Table 3 Effect of wavelength ranges on the recovery results of the prepared mixtures of CI and OR
Fig. 12
figure 12

Applying the mean centering function on the ratio spectra of CI (a) and OR (b)

Strengths points and limitations of the elaborated tools

Despite the satisfactory and convergent results attained through the elaborating of the three tools for the synchronous quantification of CI and OR, these tools differ from each other by several points that are epitomized in Table 4 to display the strengths points, and limitations of each tool.

Table 4 The strengths points and limitations of the elaborated Tools

Confirmation of environmental sustainability

In the current era, the development of analytical methods must prioritize environmental considerations, aiming to uphold ecological balance, minimize waste, reduce energy consumption, and maintain economic viability. Previous research has introduced various tools for evaluating the sustainability of methods. In this study, the sustainability of the proposed approaches was affirmed through the creation of greenness and whiteness profiles using the following methodologies:

Green certificate (modified Eco-scale)

A new amendment of the eco-scale tool addresses diverse analytical evaluation aspects like reagent volume, hazard, power intake, occupational danger, and generated quantity of wastes in the analysis. This tool relies on a penalty points system and a specific mathematical process to classify the analytical approaches into seven classes according to the final penalty points score; Fig. 13. The penalty points of utilized solvent volume and generated waste are estimated via the following equation:

$${\text{y}}={\text{a}}\times {{\text{x}}}^{{\text{b}}}$$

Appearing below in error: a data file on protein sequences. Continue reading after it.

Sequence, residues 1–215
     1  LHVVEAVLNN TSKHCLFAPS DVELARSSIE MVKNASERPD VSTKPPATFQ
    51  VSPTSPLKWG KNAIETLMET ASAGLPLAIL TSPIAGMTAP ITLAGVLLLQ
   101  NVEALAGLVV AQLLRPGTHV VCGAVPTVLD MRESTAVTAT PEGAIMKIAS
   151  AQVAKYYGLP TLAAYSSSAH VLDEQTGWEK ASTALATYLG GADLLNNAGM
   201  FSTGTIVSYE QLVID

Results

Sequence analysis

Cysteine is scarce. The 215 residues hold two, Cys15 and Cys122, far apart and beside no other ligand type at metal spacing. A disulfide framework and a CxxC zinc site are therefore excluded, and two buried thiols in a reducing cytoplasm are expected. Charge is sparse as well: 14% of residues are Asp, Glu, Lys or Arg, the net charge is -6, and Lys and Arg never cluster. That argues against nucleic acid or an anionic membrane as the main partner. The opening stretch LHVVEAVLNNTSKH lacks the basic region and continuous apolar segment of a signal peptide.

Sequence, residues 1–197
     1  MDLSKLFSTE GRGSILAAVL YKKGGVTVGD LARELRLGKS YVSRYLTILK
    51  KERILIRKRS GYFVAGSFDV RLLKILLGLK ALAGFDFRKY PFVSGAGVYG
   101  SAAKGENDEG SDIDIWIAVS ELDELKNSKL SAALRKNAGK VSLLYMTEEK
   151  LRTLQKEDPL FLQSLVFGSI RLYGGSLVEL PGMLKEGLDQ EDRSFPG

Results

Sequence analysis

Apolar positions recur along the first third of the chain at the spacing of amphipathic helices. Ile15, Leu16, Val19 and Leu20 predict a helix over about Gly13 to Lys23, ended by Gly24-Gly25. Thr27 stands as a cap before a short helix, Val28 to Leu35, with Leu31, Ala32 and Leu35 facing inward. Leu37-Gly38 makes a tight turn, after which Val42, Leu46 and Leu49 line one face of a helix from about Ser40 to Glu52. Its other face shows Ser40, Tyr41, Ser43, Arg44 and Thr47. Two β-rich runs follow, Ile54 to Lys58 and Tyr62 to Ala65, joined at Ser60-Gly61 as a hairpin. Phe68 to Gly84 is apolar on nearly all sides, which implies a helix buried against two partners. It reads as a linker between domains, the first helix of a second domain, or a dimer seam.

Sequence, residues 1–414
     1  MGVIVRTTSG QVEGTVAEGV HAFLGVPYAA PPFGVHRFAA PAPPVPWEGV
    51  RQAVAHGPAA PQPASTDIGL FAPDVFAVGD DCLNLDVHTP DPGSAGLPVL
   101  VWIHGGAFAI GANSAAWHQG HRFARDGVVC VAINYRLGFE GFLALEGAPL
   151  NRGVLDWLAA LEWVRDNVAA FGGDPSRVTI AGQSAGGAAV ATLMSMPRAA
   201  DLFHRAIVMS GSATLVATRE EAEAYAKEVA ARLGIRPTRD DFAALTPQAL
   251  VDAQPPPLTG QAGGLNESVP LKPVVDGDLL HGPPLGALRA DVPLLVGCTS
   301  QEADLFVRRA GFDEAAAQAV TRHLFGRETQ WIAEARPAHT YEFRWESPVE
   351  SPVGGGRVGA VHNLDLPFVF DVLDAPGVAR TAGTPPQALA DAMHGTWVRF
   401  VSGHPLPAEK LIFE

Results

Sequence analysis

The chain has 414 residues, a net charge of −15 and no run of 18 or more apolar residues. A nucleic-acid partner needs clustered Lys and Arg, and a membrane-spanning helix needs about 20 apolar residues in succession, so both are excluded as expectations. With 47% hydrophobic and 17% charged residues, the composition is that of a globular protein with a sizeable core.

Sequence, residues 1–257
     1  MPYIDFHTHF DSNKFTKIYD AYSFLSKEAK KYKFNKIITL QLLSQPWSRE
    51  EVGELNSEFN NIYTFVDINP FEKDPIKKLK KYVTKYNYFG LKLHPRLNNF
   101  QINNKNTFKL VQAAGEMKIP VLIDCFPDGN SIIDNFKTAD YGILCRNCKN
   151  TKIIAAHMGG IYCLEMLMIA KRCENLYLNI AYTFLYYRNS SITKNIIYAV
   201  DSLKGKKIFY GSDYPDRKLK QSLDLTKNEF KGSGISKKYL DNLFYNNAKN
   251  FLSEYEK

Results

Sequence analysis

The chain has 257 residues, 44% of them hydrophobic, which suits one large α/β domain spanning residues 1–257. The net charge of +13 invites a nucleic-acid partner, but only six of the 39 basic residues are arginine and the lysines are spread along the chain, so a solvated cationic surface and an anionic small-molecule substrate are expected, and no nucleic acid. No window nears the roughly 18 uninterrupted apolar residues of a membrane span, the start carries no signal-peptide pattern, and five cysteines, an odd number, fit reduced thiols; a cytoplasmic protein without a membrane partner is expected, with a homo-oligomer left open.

where a = 0.61 ± 0.05, b = 0.31 ± 0.02 for solvent consumption and a = 1.50 ± 0.08, b = 0.40 ± 0.02 for produced waste. The obtained penalty points for solvent consumption should be multiplied by the penalty points of hazard [32].

Fig. 13
figure 13

Evaluation of the environmental sustainability of the developed approaches using green certificate, AGP, and whiteness assessment

AGP Tool

This tool evaluates the ecological impact of the procedure based on five criteria: health impact, procedural safety, energy consumption, waste production, and ecological hazards. The evaluation is represented through a pentagram divided into five segments, as illustrated in Fig. 13. The color-coded segments, ranging from green to yellow and red, indicate the varying degrees of ecological impact–high, moderate, and low. Health and safety impacts are estimated based on the red and blue segments of the solvent’s NFPA pictogram, respectively. Waste and ecological hazards are evaluated by considering generated waste during the operation, while energy consumption is estimated based on device usage [33].

Whiteness profile

The whiteness profile of the tools was assessed using the RGB 12 algorithm. This method involved populating an Excel template worksheet that comprises three distinct tables: red, green, and blue. Each table corresponds to specific criteria. The green table summarizes factors such as trueness, precision, detection, and quantification limit. The red table focuses on safety, toxicity, and energy consumption, while the blue table addresses cost, speed, and simplicity. The amalgamation of these colors produces white, symbolizing the extent of brightness associated with the method, as illustrated in Fig. 13. By assigning a score from 0 to 100 to each criterion in the Table (0 representing the worst result and 100 signifying a well-fitted method), the final whiteness score, ranging from 0 to 100, is automatically generated [34].


Validation of ANN

The self-validating nature of ANN is a key advantage, and several parameters were computed to assess prediction accuracy [28]. Prediction accuracy was evaluated via MSEP and RRMSEP, while prediction precision was evaluated using BCMSEP. The computed parameters yielded exceptional scores, as summarized in Table 5.

Table 5 Construction and Validation Parameters of the ANN approach

Validation of fourier self-deconvolution and mean centering methods

The validation of the FSD and MC approaches adhered to ICH guidelines [35] and encompassed the following aspects:


Calibration plots were established for both CI and OR by plotting the signal against their corresponding concentrations. Remarkable linearity was achieved with an R2 value exceeding 0.999, as detailed in Table 6.

Table 6 The validation outcome and parameters of the established tools for CI and OR quantification

Detection limit (DL) and quantitation limit (QL).

DL and QL were computed as described in ICH guidelines, utilizing the slope of the calibration plot and the standard deviation of the response. Exceptional DL and QL values underscored the approaches’ sensitivity.